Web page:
Building a church

IMG_0393As was once said to church wardens at a tetchy PCC meeting by a now elderly Vicar, there is a divide of responsibility within churches – “Me liturgy, you drains.” To an extent, clergy ‘sit light’ to the buildings – certainly as a curate, I have come to know and love four very different churches, but I feel no particular allegiance to one over any of the others in the way that a ‘regular member of the congregation’ might.

One of our churches is less lovely than the others. Phase one was built in the 1950’s, phase two in the 1960’s, and the edifice bears more resemblance to my primary school hall than to a traditional church. It is one of the early ‘fresh expressions’, conceived in a fit of pique by a thwarted Vicar in the 1930’s, built to serve a community which had ‘slipped down the hill’ from  the original village and the (still existing and very lovely) parish church. Alternatively, one of our churches is much more usable than the others. Its rectangular shape, its easy access, its flat floor (no steps up from aisle to seating area), its chairs, all mean it serves as church, small chapel, computer club, cafe, meeting space etc etc.  Even here, in this modern space, change spells trouble.

To me, a church is largely a working building. Some things about it will remind me it has been a working building for many (hundreds?) of years. Some things remind me that others see it differently. In one of our churches, I move the two vases of flowers to the very edges of the sides of the altar every single time I’m there – because otherwise, as I hold up my hands to celebrate the Eucharist, I look like I’m a magician with a bunch of newly produced flowers in each hand. For the people doing the flowers, serving their church and their community each week, using their skills to the glory of God, the altar is a place to dedicate their work and gifts anew. In that particular church, they often aren’t part of the regular worshipping community, they come in and do their bit. So they never see the building at work, as congregations do, they see it at rest, full of symbol and beauty and meaning. Some of them will have been doing the flowers for forty, fifty, sixty years. They have spent far more time in that space, using their gifts to glorify God, than I have.


But I too have ‘my’ church, the one to which I return as a visitor from time to time, the one which is home. I Had My Views when ‘they’ Removed The Pews, bearing in mind that I know ‘they’ as individuals, part of a tiny PCC doing their best for a tiny and much loved church. And despite My Views (which I kept to myself) the space looks wonderful with chairs, and they are a whole lot more comfy than the manky pews which I loathed when I had to sit on them. If ‘they’ announced ‘they’ were building a toilet on the back, I would worry about the ancient undecipherable graves I know and love, about the effect of a door in the symmetry of the building…..although as a human being, I am of the view that every church needs a toilet. I would nod sadly, grit my teeth, and bear in mind the needs of the people. Because of course, it isn’t just the aesthetics against human need, it’s the change which hurts.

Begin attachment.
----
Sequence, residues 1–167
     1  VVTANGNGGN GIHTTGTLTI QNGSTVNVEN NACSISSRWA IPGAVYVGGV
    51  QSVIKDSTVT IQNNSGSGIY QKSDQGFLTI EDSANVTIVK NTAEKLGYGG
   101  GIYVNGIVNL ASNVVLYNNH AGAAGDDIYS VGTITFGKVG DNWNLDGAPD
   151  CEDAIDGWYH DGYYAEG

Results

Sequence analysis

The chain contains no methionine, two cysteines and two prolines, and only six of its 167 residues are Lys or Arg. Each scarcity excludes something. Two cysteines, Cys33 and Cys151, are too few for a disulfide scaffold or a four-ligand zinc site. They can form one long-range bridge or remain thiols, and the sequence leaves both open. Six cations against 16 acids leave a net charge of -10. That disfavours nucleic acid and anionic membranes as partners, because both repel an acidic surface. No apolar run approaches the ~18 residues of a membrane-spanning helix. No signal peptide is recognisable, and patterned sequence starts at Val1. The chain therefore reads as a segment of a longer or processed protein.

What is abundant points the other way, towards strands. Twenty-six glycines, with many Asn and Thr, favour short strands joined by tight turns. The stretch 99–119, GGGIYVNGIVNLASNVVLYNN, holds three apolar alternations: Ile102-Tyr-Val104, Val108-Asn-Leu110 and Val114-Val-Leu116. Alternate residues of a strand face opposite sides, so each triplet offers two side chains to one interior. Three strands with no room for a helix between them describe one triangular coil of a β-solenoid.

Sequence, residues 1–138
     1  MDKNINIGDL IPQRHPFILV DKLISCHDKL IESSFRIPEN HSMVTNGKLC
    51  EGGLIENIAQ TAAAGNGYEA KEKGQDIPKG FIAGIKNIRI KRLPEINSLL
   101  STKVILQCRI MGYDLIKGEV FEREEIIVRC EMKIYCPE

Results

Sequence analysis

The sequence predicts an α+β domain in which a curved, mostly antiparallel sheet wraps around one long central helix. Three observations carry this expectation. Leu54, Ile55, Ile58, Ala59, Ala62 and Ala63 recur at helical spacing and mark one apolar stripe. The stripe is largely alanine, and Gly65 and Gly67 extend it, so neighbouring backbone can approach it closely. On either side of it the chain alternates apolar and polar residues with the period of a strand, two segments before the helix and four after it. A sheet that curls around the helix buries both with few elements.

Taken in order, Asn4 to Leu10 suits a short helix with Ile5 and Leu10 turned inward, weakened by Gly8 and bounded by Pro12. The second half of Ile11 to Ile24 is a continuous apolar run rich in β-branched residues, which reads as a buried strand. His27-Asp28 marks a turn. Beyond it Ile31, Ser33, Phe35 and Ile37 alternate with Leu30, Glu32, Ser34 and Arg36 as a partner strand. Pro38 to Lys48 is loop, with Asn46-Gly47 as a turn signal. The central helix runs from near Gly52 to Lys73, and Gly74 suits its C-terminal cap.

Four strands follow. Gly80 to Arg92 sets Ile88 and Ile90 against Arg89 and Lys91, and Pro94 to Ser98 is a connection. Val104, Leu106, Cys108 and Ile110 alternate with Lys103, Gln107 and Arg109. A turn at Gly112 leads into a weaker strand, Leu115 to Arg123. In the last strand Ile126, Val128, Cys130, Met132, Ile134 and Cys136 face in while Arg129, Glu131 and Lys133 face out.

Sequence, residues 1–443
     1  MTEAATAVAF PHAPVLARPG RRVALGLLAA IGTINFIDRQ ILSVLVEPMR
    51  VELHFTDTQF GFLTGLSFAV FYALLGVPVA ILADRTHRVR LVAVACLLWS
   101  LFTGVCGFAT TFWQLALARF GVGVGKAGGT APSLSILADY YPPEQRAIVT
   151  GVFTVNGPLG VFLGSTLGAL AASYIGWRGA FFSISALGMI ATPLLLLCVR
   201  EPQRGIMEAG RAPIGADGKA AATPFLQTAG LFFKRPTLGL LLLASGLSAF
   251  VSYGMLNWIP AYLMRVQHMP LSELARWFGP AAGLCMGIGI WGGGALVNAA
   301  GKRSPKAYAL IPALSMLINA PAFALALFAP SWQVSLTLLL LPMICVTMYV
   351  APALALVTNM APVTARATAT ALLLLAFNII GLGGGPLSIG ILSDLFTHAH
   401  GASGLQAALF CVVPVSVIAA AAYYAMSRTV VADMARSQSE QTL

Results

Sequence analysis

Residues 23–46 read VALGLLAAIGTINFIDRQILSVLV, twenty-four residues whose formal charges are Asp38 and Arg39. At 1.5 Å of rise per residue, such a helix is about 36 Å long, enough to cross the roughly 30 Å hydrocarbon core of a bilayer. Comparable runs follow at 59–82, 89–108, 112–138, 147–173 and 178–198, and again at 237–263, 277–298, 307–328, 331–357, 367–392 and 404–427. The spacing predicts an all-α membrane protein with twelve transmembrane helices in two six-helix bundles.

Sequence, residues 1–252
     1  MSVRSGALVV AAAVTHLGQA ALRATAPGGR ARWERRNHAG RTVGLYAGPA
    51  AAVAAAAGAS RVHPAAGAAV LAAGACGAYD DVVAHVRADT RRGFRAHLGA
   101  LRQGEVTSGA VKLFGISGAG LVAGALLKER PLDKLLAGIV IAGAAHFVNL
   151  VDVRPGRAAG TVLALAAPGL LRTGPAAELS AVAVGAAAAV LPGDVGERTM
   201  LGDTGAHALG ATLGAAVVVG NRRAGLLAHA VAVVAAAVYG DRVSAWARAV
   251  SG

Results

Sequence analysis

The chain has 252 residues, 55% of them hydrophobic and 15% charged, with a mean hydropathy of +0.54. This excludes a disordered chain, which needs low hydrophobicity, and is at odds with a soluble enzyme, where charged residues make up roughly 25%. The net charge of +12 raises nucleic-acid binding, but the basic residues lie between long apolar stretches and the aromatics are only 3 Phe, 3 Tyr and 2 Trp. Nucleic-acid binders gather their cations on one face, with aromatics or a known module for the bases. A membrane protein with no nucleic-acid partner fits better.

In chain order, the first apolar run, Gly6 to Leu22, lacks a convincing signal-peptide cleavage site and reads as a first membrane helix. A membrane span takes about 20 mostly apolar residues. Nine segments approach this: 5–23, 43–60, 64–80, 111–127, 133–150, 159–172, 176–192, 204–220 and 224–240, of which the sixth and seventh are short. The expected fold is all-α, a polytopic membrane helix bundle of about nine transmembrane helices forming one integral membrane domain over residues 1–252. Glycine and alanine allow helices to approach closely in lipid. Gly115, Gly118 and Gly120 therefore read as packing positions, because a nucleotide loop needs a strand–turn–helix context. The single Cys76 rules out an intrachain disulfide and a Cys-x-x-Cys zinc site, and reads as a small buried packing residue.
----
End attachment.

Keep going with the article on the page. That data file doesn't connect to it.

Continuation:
And if it hurts when a church building changes, how much more does it hurt when the Church changes? When the people of God change, grow, develop – do all the human things we are supposed to do? When Christians as individuals, small groups, large groups believe they detect and discern the will of God, in ways that other good Christians find incomprehensible? It hurts like hell. We have to keep talking and listening, keep caring, keep loving.

One response to “Building a church

Leave a Reply

Fill in your details below or click an icon to log in: Logo

You are commenting using your account. Log Out /  Change )

Google photo

You are commenting using your Google account. Log Out /  Change )

Twitter picture

You are commenting using your Twitter account. Log Out /  Change )

Facebook photo

You are commenting using your Facebook account. Log Out /  Change )

Connecting to %s

This site uses Akismet to reduce spam. Learn how your comment data is processed.